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How does Shakespeare present the conflict of good and evil in his play, Macbeth? How do these extremes reflect the time in which the play was written?

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Introduction

Transfer-Encoding: chunked ´╗┐How does Shakespeare present the conflict of good and evil in his play, Macbeth? How do these extremes reflect the time in which the play was written? (20 marks) The play Macbeth presents the antithesis of good and evil as a concept that is absolute. The play follows the common religious beliefs of the time in presenting three main causes of evil: the total depravity of man, temptation from others and satanic influence. Good is also presented but is not the focus of the play. This is a play about evil, treason and uncertainty ? a reflection of the turbulent times of Jacobean England under James I where the conflict between good and evil actions was very real. In examining the three ways in which Shakespeare presents the conflict, a good place to start would be total depravity. Primarily we see this battle of conscience versus will of the flesh personified in the character of Macbeth. In Act 1 Scene 4, after Duncan names Malcom as his successor, Macbeth laments that Malcom is an obstacle: ?On which I must fall down, or else o?erleap, / For in my way it lies.? We can see at this stage Macbeth is still undecided at what his course of action will be. His conscience tells him to give up, to ?fall down?, but if he is to fulfil his desire of becoming king he must ?o?erleap? such hindrances. ...read more.

Middle

This is conveyed to us when she promises to, ?chastise with the valour of my tongue.? The use of ?chastise? creates a violent image, as if she intends to give him the verbal equivalent to a beating. She wishes to pass her boldness on to Macbeth, in variance to the typical submissive attitude that was expected of wives in that era. She further emphasises her dark and rebellious nature when the messenger informs her that Duncan is to stay in her castle that night. With an element of twisted glee she interprets the hoarse cry of the raven to foreshadow, ?the fatal entrance of Duncan / Under my battlements.? She refers to the castle as if it belonged solely to her, and as if the murder of Duncan will be of her doing with minimal help from Macbeth. She is presented to the audience as just as ambitious as Macbeth, if not more. The raven itself is a bird typically associated with darkness, death and evil. It is even more ominous that it has croaked itself hoarse, conveying that evil is already corrupting Scotland before that cataclysmic deed is even committed. Lady Macbeth is adamant that she wants any form of femininity, no matter how mild, to be removed from her so that she can carry out her task efficiently. She expresses a desire to be ?unsexed?. ...read more.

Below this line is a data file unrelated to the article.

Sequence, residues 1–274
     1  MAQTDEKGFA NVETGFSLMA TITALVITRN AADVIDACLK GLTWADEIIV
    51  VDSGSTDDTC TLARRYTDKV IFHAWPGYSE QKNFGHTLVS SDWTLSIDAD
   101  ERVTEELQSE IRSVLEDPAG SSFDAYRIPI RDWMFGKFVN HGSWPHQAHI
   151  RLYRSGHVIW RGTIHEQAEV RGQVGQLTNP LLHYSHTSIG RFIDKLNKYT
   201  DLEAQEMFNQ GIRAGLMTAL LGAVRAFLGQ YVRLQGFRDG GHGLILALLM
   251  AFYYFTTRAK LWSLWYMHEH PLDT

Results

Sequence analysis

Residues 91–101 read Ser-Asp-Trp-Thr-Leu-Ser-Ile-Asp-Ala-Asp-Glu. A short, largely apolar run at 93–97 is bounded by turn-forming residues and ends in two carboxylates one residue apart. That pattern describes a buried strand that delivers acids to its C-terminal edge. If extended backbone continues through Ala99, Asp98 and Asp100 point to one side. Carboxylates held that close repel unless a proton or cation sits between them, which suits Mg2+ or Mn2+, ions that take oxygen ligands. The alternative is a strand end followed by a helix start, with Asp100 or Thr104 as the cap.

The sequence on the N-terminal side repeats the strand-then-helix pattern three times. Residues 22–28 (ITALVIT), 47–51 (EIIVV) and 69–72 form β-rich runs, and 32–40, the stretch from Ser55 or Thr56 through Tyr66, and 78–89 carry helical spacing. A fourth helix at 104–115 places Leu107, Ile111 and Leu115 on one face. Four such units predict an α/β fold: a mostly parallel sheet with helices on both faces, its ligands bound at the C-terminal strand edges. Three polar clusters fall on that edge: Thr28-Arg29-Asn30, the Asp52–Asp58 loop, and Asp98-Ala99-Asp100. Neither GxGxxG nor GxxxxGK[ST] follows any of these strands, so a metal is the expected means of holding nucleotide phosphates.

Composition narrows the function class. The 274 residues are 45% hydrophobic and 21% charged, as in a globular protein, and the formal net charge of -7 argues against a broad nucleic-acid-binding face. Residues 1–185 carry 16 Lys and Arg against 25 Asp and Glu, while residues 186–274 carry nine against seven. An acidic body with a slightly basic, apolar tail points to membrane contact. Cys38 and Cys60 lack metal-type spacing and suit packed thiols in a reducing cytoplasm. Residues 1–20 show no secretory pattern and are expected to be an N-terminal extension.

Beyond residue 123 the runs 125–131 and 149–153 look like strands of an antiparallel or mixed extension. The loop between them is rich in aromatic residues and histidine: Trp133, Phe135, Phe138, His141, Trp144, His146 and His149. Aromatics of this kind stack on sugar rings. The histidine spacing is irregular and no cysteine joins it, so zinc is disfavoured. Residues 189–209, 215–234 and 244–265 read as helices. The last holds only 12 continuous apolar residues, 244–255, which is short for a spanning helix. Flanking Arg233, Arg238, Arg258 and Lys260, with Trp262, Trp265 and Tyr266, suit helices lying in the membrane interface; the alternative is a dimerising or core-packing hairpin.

Conclusion

The audience is given a sense of how heinous a deed this is when he continues; ?Most sacrilegious murder hath broken ope / The Lord?s anointed temple.? In the conflict between good and evil in Macbeth Macduff is presented as being a religious man, like Banquo. He uses another direct Biblical reference, this time citing verses about kingship. Old Testament kings were directly anointed by God, and it is said the body of a holy man is the temple of God?s spirit. Violent imagery is used when he talks about the temple being, ?broken ope?, implying that the spirit was forcibly and criminally removed from its righteous place. Following on from this, the Divine Right of Kings was a major factor in James I?s court. This was a Puritan doctrine that said each king was predestined to take the throne by God and treason against the king was also a blasphemous crime against God. In the epistle dedicatory of the King James/Authorised Bible it reads, ?Great and manifold were the blessings, most dread Sovereign, which Almighty God, the Father of all mercies, bestowed upon us the people of England, when first he sent Your Majesty?s Royal Person to rule and reign over us.? The doctrine?s purpose was routed in kings like James wishing to reinforce their position rather than Biblical fidelity. James was short and did not have the physical appearance of a typical king, and he had recently survived an assassination attempt at the hands of a Catholic group. He had many reason to fear for his right to the throne. ...read more.

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